Oscar 2013, Best Picture: We Shall Overcome

12 Years a Slave

As the 50th anniversary of the March on Washington is commemorated, it’s interesting to see that the Oscar race this year is dominated, relatively speaking, by films that deal with black issues. Up to three films that focus on the struggle of black people in America (and another that deals with South Africa) could be nominated for Best Picture. Needless to say, that would be unprecedented. The three American films are all directed by blacks; only two have been nominated for Best Director in the history of the Academy (John Singleton and Lee Daniels) and only one film that has been helmed by a black director, Precious, has been nominated for Best Picture.

Of course, there are plenty of white-themed films in the mix this year, and there’s no guarantee that any of these African American-themed pictures will be nominated, but it seems likely that one or two will. What follows is my annual look at ten films that I think will be nominated; if my track record is consistent about five of them will make the actual cut. Only two of these have been released, and no doubt some of the other eight will sink without a sight, while films that are not on the radar right now will emerge. Again this year there will be five to ten nominees.

American Hustle (David O. Russell, December 13) Russell has a little streak of two straight Best Picture noms, and reteams his Silver Linings Playbooks stars Bradley Cooper, Robert DeNiro and Jennifer Lawrence, along with his The Fighter co-stars Amy Adams and Christian Bale. The film centers around the ABSCAM FBI sting of the late ’70s, and seems to have the fashion and hairstyles that are historically correct. A cast this illustrious sets it up as a no-brainer if it’s up to Russell’s recent track record.

August: Osage County (John Wells, December 25) Another movie with a high-profile cast, with Meryl Streep and Julia Roberts headlining. The source play won the Pulitzer Prize and the Tony, and was one of the best plays I’ve ever seen. But it was also three hours long, so writer Tracy Letts surely had to murder some of his children and cut it. Also, the director, John Wells, is primarily a TV director and does not have a particularly distinctive filmography.

Blue Jasmine (Woody Allen, July 26) Allen has been an Academy darling, holding the record for most wins and nominations in the Original Screenplay category. This film has gotten some of the best reviews of his career, and Cate Blanchett is the current front-runner for Best Actress.

Captain Phillips (Paul Greengrass, October 11) Tom Hanks returns to prominence this year with two big roles, this one as the title character in the true story of the Maersk Alabama, which was taken by Somali pirates. Greengrass is an excellent director of films like this, and seems a natural as an Oscar contender.

Fruitvale Station (Ryan Coogler, July 12) Since the Best Picture nominations expanded, there has been room for more indie films, and this one, the sensation of Sundance, seems like it will cop that spot. It profiles the current situation that black men face in this country, and with the “stop and frisk” laws in the headlines these days, along with the shooting of Trayvon Martin, it is extremely timely.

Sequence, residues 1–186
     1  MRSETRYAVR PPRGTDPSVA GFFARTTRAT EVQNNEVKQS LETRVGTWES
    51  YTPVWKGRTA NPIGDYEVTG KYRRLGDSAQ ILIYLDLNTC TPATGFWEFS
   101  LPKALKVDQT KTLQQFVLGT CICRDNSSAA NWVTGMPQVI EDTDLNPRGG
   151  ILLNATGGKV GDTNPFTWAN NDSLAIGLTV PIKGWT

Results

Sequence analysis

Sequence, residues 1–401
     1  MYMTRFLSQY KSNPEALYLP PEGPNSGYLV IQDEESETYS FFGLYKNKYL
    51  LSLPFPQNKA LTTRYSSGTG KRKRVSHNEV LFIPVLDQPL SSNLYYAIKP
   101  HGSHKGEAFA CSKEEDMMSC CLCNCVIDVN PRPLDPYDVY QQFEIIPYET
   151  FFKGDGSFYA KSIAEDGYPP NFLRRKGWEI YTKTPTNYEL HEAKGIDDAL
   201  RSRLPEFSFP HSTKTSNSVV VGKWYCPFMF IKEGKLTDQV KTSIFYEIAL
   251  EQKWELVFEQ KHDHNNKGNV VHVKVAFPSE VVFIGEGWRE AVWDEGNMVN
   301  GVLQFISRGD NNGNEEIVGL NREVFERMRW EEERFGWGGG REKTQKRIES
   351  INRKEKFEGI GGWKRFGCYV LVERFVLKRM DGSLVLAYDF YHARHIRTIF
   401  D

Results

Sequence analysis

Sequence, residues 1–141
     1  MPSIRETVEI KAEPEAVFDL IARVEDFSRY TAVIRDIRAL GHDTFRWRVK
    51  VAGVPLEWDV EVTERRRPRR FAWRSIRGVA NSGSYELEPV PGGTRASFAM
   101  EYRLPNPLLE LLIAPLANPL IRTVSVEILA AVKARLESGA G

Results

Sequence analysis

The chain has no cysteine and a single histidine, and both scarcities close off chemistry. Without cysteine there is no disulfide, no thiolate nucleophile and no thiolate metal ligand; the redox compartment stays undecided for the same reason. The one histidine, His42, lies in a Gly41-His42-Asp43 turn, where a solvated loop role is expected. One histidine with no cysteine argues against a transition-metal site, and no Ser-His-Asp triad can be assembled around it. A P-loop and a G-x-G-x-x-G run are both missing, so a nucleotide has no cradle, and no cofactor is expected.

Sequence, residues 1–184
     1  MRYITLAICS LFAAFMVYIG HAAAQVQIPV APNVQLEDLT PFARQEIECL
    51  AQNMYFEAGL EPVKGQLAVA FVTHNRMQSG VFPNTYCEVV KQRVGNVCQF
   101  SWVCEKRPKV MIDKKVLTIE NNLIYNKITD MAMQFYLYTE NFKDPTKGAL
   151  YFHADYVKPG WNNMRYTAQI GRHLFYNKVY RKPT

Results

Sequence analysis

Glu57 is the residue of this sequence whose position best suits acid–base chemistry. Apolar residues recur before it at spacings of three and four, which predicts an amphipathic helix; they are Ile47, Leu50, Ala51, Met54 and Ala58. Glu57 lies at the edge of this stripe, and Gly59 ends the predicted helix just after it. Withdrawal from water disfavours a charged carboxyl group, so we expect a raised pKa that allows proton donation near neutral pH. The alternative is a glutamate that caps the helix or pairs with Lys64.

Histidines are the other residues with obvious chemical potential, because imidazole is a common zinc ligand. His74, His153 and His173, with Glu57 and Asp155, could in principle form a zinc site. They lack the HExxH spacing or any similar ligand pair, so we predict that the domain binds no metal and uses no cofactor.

Gravity (Alfonso Cuaron, October 4) Also getting more nominations since the field expanded are science fiction films, and this one has been on the horizon for a while. Starring Sandra Bullock and George Clooney, if it meets expectations it should be in the mix.

Inside Llewyn Davis (Joel and Ethan Coen, December 6) The Coens are also working on a two-in-a-row streak, and their last three out of four films have been nominated. This one interests me because of its setting–the New York folk music scene of the early ’60s–but may not be catnip for the Academy. But you never know, and you can’t ignore them.

The Monuments Men (George Clooney, December 18) Clooney has run hot and cold as a director, but this one seems enticing–Nazis and stolen art (and a small role by Bill Murray). Clooney could have as many as six nominations this year if everything goes right–he’s also a producer of August: Osage County.

12 Years a Slave (Steve McQueen, October 18) A true story about a free black who was kidnapped and sold into slavery. Saw the trailer today; it looks absolutely harrowing. Chiwetel Ejlofer, Alfre Woodard, and Michael Fassbender star. Just a hunch, but I could see it winning it all.

The Wolf of Wall Street (Martin Scorsese, November 15) Scorsese in yet another collaboration with Leonardo DiCaprio. Four out of five of Scorsese’s last films have been nominated for Best Picture (Shutter Island is the only one since the turn of the century that hasn’t).

Also in the mix is Lee Daniels’ The Butler, which may very well be nominated and is on my bubble. I saw it today and will write about it tomorrow. Additionally, there is Jason Reitman’s Labor Day, Ron Howard’s Rush, Saving Mr. Banks (with Hanks as Walt Disney), Dallas Buyer’s Club, All Is Lost, Foxcatcher, Alexander Payne’s Nebraska, and Mandela: Long Walk to Freedom.


About Jackrabbit Slim

Location: Vegas, Baby! I’m much older than the other whippersnappers here, a baby boomer. I tend to be more snobbish about film, disdaining a lot of the multiplex fare for “cinema.” My favorite films: Woody Allen’s oeuvre (up until about 1990), The Godfather, The Graduate, A Hard Day’s Night, Pulp Fiction. Politics: Well, George McGovern was my political hero. I’m also a prickly atheist. Occupation: Poised to be an English teacher in Las Vegas. For many years I was an editor at Penthouse Magazine. My role on this blog seems to be writing lots of reviews and being the resident Oscar maven.

4 responses »

  1. I had five of the nine films way back in August, and two of them in my “also possible” list. The only films that caught me unaware were Philomena and Her.

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